Expanding on the ease of survey-based testing, Rick Polito, editor in chief of NBJ noted, “There’s a lot of relief that comes for customers…someone looked at my situation to some extent and told me what I need to take, and it's going to show up every month on my doorstep… that’s meeting a need that goes beyond optimization… convenience and confidence.” Polito indicated that the consumer satisfaction and perceived value associated with this testing add to this vastly growing industry.

Consumers pay more for personal nutrition programs

According to Craft, the product value combined with its efficacy and convenience will drive consumers to invest in personalized supplement programs. This especially holds true for health-conscience buyers. 

By demonstrating the value of their product through proven metrics, organizations can set a price point that will be undisputed by consumers. She noted that there is a major market opportunity in the supplement industry for brands to provide the supplement, then test it after usage to prove product effectiveness.

In addition to the value of personalization, Polito called attention to the difference between shopping for supplements at a retail store versus a subscription-based model. “When we talk about price, we have to talk about how a subscription is different than walking into Whole Foods, reaching up and buying that bottle, and looking at the price. You sign up for something, it just shows up, and we forget about it.” 

He added that the individualized element of supplements helps companies maintain long-standing relationships with consumers. Polito said that the strong satisfaction rate, subscription convenience and consumer-brand relationships will continue to support personalized supplement sales for the foreseeable future.

Furthermore, it's crucial to consider that price points vary widely across supplements and nutritional programs. Benninger stated, “When you talk about price and all of the different approaches to personalized nutrition, there is a huge variation in the types of services that are being offered and the price for those services.” Program pricing varies across the industry based on different approaches and services.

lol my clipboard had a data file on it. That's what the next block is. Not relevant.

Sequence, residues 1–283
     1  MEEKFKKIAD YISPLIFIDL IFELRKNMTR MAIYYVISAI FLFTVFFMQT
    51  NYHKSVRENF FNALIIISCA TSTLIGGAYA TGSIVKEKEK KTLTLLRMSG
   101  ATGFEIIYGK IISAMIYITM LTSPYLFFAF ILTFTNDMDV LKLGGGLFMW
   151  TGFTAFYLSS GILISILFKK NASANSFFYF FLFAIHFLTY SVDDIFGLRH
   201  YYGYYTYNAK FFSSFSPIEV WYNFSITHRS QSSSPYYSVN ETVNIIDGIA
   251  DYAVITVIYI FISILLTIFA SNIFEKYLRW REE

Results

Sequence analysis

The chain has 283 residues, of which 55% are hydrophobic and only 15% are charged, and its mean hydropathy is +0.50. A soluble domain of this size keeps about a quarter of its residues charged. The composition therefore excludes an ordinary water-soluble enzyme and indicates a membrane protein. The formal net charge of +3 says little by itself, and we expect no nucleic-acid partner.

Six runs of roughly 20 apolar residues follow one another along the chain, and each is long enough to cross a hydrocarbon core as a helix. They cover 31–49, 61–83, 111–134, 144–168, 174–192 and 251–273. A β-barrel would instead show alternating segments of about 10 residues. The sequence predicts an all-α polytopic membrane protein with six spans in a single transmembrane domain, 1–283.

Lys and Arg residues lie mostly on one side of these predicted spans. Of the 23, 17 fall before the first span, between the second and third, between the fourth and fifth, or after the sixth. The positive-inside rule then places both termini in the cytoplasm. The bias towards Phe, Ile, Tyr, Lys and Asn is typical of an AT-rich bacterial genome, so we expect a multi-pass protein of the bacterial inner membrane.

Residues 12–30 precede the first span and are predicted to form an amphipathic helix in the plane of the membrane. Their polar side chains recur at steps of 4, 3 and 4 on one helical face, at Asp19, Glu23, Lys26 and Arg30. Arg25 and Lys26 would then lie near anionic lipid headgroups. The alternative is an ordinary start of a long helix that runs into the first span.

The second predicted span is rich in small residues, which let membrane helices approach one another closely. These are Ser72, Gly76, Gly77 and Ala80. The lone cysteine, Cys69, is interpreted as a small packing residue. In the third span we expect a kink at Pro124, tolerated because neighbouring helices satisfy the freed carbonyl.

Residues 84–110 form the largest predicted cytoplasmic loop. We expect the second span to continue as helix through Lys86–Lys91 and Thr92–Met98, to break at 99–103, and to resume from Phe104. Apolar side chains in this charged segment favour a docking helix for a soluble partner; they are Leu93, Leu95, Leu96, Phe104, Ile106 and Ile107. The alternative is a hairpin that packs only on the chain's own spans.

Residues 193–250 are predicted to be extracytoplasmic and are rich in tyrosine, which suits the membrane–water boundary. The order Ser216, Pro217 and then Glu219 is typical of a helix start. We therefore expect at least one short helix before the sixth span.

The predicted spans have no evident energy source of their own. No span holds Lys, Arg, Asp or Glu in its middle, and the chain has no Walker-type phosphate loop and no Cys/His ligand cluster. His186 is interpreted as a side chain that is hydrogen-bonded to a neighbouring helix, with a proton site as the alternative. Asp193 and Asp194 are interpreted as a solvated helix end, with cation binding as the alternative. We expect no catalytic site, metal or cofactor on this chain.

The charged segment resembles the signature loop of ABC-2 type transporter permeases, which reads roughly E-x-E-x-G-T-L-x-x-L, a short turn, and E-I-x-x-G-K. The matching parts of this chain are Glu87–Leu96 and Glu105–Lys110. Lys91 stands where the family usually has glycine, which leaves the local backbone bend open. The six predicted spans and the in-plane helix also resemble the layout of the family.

Integrating nutrition and technology

Health and wellness technologies continue to evolve along with the supplement industry. Wearable devices and their apps can track steps, sleep, workouts and heart rate variability. As for wellness technologies that integrate with nutrition, Craft noted that Insight Tracker pairs tracking technology with nutrition information.

Polito referenced the continuous glucose monitor, which is anticipated to continue its widespread use. “That could profoundly change what we’re talking about here. People love data, and people want to know what theirs is.” He noted that the seamless use of technologies, like carrying a phone, will contribute to the adoption and growth of novel wellness devices. “Innovative technology is the biggest market opportunity in the supplement industry,” he said. 

In the future, there may also be opportunities for health care and insurance industries to leverage personalized nutrition data. However, given the challenges associated with institutional changes, evidence-based medicine still has a long way to go before mainstream implementation.

In summary, the NBJ’s Personalized Nutrition Report reinforces that personalized nutrition continues to grow and influence the industry. As individualized nutrition continues to mature, it holds its place as a change-maker in a growing dietary supplement industry.

More about Nutrition Business Journal

As a leader in nutrition and supplement industry reporting, the Nutrition Business Journal (NBJ) recently published an in-depth report on the personalized nutrition market. NBJ has been an expert in tracking and reporting on the nutrition, natural products, and the supplement industry for the last 25 years. The organization specializes in global market sizing and trends, with deep insight into the U.S. market. Specifically, NBJ provides industry knowledge on what consumers are purchasing, why they’re buying and where they’re shopping. 

Nutrition Business Journal’s Personalized Nutrition Report published in February 2022 includes the latest data on U.S. market sizing, consumer research, company profiles, and persona information. The report offers a comprehensive analysis of personalized nutrition industry trends and forecasts. For access to NBJ reports and issues, please visit


About the Author(s)

Lindsay Ivancic

Lindsay Ivancic is a freelance copywriter and content marketing strategist. With eight years of copywriting prowess, she creates compelling brand narratives through quality content that engages customers and drives awareness.